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What is a “relevant order” under the Federal Courts (State Jurisdiction) Act 1999 (NSW) September 8, 2021

Sydney Seaplanes Pty Ltd v Page [2021] NSWCA 204

Per Bell P; Leeming JA agreeing at [147]; Emmett AJA agreeing at [169]:

  1. The order dismissing the Federal Court proceedings for want of jurisdiction was not a “relevant order” for the purposes of s 11(1). When one has regard to the context and purpose of the State Jurisdiction Act, both as explicitly stated and as is evident from a consideration of its terms as a whole including its long title, the specific context in which it was passed, namely the immediate aftermath of the decision in Wakim, and the mischief it was intended to address, it is an unavoidable conclusion that s 11(1) refers to the “want of jurisdiction” by reason of a constitutionally invalid conferral of jurisdiction as addressed in Wakim. This construction is reinforced by the explanatory memorandum and the second reading speech accompanying the Bill which led to the passage of the Act: [53].

Re Wakim; Ex parte McNally (1999) 198 CLR 511; [1999] HCA 27; Residual Assco Group Ltd v Spalvins (2000) 202 CLR 629; [2000] HCA 33, discussed.

  1. The construction of the State Jurisdiction Act on the literal reading applied by the primary judge “does not conform to the legislative intent as ascertained from the provisions of the statute, including the policy which may be discerned from those provisions”, particularly when taken in conjunction with a broader consideration of context and extrinsic materials which shed a particularly clear light on the relevant purpose of s 11 of the State Jurisdiction Act: [58].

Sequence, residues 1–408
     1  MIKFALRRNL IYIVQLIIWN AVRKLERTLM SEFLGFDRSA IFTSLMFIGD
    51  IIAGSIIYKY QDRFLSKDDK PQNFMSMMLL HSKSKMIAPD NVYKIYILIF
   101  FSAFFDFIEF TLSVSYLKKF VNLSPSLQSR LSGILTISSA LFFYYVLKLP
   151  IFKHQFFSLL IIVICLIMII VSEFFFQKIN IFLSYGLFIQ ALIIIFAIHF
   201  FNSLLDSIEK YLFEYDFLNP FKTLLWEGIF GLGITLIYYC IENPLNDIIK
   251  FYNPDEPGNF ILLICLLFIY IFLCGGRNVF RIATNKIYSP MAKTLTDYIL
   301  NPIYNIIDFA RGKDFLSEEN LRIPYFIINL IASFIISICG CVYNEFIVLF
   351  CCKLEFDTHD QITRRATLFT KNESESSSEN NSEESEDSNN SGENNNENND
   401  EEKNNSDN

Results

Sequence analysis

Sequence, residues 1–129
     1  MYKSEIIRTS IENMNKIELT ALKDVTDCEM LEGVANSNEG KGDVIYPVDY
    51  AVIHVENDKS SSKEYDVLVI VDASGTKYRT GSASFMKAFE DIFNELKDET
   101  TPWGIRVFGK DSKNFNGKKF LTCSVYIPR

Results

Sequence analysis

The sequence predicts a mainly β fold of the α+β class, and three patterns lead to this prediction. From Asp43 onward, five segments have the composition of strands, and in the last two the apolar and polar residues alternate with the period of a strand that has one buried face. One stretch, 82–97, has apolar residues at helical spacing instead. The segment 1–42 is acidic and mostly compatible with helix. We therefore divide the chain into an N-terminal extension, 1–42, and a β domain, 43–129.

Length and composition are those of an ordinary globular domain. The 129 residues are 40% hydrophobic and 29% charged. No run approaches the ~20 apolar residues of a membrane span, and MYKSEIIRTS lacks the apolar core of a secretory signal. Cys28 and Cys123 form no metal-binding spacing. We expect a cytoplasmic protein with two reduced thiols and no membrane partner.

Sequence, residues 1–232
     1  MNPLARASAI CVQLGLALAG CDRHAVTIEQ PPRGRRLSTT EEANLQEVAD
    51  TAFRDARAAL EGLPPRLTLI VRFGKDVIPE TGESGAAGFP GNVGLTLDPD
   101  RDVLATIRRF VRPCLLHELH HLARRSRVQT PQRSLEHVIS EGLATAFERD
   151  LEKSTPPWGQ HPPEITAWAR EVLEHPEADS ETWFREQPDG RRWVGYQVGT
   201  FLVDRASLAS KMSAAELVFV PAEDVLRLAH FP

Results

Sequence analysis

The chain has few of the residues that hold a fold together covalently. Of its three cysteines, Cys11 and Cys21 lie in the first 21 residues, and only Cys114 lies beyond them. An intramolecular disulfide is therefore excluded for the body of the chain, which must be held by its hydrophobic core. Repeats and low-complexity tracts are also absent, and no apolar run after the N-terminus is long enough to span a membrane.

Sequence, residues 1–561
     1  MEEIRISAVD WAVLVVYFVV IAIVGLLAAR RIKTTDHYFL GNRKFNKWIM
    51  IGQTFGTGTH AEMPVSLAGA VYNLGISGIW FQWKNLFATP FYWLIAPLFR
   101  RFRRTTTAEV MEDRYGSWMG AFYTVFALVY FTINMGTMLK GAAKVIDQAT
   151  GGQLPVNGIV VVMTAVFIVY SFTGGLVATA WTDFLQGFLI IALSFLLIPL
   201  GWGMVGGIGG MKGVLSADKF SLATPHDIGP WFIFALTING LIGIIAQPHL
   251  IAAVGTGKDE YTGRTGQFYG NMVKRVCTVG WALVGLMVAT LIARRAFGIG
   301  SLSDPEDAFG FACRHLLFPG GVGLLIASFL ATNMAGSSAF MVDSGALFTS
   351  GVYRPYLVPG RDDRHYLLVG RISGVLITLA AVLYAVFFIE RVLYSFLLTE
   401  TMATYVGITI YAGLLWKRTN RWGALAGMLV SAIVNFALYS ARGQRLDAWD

Cooper Brookes (Wollongong) Pty Ltd v Federal Commissioner of Taxation (1981) 147 CLR 297; [1981] HCA 26, applied.

Taylor v Owners – Strata Plan No 11564 (2014) 253 CLR 531; [2014] HCA 9; SAS Trustee Corporation v Miles (2018) 265 CLR 137; [2018] HCA 55; Park Trent Properties Group Pty Ltd v Australian Securities and Investments Commission (2016) 116 ACSR 473; [2016] NSWCA 298; CIC Insurance Ltd v Bankstown Football Club Ltd (1997) 187 CLR 384; [1997] HCA 2, considered.

  1. Discussion of the modern approach to statutory construction, whereby the literal meaning of words in a statute will not always correspond to their legal meaning, and whilst the process of statutory construction must start and end with a consideration of the statutory text, elements of context, including legislative purpose and history, must be considered in the first instance and in a broad sense: [25]–[41].

Per Leeming JA; Bell P agreeing at [6]; Emmett AJA agreeing at [169]:

  1. While remedial legislation such as the State Jurisdiction Act is to be given a broad, beneficial construction, that principle is not a trump which overrides all other principles of statutory construction, and does not produce the result that purpose and context are to be disregarded when determining legal meaning. To this effect, the principle that remedial legislation is to be construed beneficially is a manifestation of the more general principle that all legislation is to be construed purposively: [85], [97].